Most business owners closely monitor what’s being said about their companies to protect their reputation.
So when Ron Steppacher found a negative review on the Google Maps page for his business he wanted to reach out to the customer, but couldn’t find the person in his records.
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“I have never heard of this guy what so ever,” the owner of Alberta Vinyl Windows and Doors told Global News on Wednesday.
“I have never done business with him or any of my customers done business with him.”
After searching the person’s name and contacting them, Steppacher discovered the man made a mistake and mixed up two company names — one of them being Steppacher’s — when posting a review.
“He apologized, he was wrong and retracted the review immediately,” Steppacher said.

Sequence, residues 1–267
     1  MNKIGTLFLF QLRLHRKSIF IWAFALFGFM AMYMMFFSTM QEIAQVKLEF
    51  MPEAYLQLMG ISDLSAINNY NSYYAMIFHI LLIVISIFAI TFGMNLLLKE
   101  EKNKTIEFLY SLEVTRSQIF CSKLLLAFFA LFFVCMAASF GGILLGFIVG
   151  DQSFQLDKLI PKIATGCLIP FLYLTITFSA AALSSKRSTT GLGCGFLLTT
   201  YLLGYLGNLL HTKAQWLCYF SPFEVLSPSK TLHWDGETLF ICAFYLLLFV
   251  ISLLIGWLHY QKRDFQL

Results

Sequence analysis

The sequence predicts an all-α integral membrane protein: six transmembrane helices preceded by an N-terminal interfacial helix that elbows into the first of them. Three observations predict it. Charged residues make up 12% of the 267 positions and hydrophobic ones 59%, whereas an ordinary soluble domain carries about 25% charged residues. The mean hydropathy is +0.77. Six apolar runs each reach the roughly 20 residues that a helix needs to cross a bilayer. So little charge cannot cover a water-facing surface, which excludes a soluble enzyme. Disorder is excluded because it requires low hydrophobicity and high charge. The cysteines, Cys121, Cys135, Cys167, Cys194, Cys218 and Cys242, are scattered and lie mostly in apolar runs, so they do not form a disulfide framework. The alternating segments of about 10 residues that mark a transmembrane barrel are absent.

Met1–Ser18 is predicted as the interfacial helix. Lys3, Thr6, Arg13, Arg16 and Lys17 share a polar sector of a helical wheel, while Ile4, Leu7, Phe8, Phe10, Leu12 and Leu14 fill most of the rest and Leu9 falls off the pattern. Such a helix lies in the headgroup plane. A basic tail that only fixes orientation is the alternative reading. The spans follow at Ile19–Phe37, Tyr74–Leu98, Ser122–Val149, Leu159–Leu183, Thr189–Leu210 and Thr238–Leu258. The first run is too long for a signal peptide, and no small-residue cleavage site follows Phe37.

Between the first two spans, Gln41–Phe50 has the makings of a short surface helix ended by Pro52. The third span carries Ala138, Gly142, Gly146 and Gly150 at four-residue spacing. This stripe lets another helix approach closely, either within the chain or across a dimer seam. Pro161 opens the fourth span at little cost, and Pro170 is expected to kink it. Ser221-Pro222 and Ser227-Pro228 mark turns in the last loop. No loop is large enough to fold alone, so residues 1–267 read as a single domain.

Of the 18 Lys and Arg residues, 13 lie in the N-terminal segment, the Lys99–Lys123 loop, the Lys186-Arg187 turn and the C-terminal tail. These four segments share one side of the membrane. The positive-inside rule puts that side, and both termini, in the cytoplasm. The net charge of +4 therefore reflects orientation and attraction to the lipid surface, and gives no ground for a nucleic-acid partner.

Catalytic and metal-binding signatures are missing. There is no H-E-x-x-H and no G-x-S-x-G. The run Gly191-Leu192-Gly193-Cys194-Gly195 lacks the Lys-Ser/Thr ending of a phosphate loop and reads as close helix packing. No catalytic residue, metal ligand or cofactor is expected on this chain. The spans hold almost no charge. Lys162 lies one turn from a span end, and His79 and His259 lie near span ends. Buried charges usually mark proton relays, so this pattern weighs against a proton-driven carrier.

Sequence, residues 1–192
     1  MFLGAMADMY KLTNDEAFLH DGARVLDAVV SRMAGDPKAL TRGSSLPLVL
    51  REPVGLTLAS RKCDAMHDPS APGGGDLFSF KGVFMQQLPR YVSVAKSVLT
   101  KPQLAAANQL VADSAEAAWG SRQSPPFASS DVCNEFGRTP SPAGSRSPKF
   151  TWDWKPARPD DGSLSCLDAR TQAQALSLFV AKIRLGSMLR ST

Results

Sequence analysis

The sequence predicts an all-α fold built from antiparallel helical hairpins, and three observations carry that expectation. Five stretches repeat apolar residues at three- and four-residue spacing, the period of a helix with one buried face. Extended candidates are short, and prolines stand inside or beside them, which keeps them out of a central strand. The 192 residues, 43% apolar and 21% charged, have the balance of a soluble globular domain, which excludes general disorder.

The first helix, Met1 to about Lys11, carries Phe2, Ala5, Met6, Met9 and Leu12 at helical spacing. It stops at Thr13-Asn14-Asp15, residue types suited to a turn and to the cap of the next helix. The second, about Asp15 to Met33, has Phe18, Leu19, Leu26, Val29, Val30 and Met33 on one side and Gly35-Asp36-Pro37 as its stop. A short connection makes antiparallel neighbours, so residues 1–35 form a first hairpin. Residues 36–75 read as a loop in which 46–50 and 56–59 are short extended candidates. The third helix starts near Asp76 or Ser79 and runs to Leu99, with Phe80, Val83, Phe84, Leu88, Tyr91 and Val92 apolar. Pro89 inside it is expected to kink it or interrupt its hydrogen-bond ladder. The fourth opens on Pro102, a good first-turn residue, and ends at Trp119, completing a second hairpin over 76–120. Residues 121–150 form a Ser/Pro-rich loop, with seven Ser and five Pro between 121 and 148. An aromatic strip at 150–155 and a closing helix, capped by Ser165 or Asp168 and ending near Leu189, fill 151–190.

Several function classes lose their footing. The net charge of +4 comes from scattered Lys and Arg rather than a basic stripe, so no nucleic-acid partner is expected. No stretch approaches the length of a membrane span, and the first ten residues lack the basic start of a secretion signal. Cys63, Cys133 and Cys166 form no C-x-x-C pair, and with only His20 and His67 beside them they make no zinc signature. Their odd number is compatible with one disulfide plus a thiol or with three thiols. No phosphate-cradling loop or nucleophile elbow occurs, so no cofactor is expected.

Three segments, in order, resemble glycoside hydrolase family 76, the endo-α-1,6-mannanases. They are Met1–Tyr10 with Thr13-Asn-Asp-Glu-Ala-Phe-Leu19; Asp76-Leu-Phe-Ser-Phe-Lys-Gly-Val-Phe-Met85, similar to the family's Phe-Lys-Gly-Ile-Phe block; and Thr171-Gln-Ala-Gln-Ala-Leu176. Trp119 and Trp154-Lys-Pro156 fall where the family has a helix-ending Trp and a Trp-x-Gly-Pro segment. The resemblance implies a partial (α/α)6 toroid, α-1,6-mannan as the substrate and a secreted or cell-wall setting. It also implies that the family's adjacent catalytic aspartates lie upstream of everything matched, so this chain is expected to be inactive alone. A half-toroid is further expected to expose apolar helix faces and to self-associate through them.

The Better Business Bureau in Calgary says negative and even fake online reviews are reality.
Corporate communications manager Leah Brownridge said the bureau encourages businesses not to ignore complaints, but to respond to them.
“It is best to reach out directly to the consumer, but also respond on that review platform so that you can show others you are maintaining an active presence online,” she said. “You do care what’s being said about your business and you’re on top of it.”
But Steppacher says it’s a two-way street, and consumers shouldn’t believe everything they see on the internet.
“You really need to watch what your reading on social media and call the company and if you have issues, call the Better Business Bureau and they”ll help you out,” he said.
Business owners can monitor anything said about their business online with Google Alerts or use web tools like Fakespot and Review Skeptic to catch false reports.